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Legal  |  Legal

Last updated: 11 December 2008

Albany workers retrenched for attempted assassination of manager

On December 2006, 50 Albany workers went on a strike against being forced to work on a public holiday by the management, when the strike ended and workers returned back to work. Late January 2007, around 06h00 in the morning, the factory manager was shot at in what appeared to be an attempted assassination at the company's premises. All the workers who were on that shift were taken for questioning by the SAPS.

Subsequent to that, and when the police could not figure out as to fired the shot, the company initially suspended every worker who participated on the strike on the basis that all of them who resisted changes were suspect of being involved on the attempted life of the manager.

The company, to our dismay, issued all the suspended workers with section 189A NOTICE, meaning that they intended to retrench them and invited the union into a facilitation process through the CCMA. At the first CCMA meeting I objected to CCMA hearing the dispute on the basis that reasons for such retrenchment are in fact those of misconduct and therefore the company must use disciplinary hearings procedure. CCMA agreed with me but the company approached the court which ruled that the CCMA has jurisdiction to hear the matter, subsequent to a facilitation meeting under the CCMA auspices, the company insisted that all workers undergo a polygraphic test and those who passed it, to return back to work and those who fail and refused it to be retrenched. In short 31 employees were retrenched for failing the test and those who refused to do it. We have challenged their dismissal in court and the trial was held at Cape Town labour court for a whole week in November 2008 and we will be back in court on FEBRUARY 2009 to hear the testimony of expect witnesses regarding the reliability of using the polygraphic test.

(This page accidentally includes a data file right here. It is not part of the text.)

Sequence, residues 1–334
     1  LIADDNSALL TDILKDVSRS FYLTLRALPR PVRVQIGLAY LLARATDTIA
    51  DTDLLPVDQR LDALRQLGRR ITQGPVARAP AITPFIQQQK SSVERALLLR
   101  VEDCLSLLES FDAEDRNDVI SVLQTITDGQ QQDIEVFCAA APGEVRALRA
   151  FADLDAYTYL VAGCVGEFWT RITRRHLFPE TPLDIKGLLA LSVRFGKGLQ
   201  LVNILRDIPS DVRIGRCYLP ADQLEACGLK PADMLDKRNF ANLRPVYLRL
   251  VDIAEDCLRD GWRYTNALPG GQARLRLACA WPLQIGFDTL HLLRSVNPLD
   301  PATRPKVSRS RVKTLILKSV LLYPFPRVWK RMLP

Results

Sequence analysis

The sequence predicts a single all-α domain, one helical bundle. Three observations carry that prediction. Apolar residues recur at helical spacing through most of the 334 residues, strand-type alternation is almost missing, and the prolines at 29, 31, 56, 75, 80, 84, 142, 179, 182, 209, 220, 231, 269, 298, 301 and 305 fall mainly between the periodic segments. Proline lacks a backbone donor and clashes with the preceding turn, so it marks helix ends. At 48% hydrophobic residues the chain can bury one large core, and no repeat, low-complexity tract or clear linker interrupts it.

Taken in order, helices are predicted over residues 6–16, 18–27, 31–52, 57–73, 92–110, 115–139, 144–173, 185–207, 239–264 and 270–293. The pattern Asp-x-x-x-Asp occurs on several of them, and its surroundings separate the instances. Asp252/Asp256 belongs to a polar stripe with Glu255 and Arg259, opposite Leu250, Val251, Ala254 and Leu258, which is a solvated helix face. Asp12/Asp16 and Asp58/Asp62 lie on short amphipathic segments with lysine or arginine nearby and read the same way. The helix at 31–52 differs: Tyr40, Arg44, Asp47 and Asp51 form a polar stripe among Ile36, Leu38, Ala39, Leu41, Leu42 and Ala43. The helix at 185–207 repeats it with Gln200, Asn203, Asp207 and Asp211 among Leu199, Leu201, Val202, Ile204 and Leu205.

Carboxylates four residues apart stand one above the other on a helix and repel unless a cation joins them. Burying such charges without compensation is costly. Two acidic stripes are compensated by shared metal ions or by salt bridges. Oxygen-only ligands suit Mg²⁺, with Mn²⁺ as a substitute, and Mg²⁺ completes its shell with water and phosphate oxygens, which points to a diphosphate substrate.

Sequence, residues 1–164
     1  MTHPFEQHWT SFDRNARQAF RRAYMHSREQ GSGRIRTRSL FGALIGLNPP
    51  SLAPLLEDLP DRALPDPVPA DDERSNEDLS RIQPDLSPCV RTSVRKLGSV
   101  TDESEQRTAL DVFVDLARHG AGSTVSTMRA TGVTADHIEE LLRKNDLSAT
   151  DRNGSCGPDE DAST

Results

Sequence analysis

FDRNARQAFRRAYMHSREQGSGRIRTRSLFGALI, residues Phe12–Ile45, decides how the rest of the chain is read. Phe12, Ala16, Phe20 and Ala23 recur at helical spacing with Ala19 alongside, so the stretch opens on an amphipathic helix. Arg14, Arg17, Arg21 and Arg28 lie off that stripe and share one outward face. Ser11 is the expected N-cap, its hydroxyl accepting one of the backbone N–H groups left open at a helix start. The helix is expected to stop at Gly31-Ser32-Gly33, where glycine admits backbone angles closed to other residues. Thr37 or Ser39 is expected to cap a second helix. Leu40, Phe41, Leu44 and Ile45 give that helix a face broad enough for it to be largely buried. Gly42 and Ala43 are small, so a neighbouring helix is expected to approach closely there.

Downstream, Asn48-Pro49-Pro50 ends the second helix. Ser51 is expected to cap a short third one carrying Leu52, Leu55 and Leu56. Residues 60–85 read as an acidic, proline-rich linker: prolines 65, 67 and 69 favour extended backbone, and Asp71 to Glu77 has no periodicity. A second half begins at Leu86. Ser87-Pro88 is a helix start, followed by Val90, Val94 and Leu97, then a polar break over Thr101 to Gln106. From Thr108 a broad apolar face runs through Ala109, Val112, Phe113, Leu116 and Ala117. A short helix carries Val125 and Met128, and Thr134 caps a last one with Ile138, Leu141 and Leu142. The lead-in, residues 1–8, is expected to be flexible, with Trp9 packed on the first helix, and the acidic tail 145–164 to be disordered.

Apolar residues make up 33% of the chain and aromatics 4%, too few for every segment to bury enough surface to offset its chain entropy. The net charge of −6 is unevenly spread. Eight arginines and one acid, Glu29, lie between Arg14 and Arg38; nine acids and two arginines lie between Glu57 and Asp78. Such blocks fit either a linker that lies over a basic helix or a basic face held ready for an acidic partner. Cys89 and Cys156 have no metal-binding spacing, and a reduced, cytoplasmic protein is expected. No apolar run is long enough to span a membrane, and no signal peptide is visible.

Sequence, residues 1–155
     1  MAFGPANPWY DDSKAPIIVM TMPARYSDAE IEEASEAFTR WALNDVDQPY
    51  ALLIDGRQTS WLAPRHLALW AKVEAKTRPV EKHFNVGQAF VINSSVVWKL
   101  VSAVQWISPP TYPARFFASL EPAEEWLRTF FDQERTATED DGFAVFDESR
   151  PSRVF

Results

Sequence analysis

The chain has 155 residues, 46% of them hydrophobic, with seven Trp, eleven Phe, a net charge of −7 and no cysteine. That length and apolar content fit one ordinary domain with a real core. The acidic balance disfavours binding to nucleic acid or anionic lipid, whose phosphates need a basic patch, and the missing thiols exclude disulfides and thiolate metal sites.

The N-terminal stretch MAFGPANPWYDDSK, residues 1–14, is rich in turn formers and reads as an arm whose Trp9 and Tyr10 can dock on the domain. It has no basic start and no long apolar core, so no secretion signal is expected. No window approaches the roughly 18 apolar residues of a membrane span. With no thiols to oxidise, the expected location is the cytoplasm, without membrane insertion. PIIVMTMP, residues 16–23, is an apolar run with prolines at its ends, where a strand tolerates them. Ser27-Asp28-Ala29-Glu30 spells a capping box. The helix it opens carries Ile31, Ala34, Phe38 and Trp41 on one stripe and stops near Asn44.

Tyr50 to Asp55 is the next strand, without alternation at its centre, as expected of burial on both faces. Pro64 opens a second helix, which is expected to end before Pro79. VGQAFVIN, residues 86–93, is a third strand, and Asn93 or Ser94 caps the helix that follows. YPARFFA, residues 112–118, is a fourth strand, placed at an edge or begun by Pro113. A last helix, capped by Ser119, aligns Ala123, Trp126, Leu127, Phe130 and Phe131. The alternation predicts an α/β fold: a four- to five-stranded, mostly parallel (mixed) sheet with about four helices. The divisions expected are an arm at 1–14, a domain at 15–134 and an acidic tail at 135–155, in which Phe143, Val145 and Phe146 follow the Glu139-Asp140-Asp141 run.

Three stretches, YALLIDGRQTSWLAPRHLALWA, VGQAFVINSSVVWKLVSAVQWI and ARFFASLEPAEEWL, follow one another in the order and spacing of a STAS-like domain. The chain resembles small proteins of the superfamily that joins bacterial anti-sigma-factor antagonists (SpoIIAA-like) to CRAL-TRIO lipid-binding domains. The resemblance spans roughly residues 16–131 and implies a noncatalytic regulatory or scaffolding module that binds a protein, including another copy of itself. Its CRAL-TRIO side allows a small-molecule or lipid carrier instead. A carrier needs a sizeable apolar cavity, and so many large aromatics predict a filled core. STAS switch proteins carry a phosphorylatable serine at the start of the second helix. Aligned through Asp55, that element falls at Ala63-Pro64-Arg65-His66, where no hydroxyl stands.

This case is of utmost importance to the labour movement in generally, cause if we loose it, that will mean that the employers will easily resort to retrenching workers if they cannot prove on the balance of probabilities the guiltiness of their employees. We are confident of being victorious on this case, as the law is definitely clear as to on what basis should section 189 be invoked. In a nutshell, our argument is simple that you cannot substitute a misconduct hearing with a retrenchment process.

We will definitely keep you posted of the outcome, watch this space.


Vusumzi Landu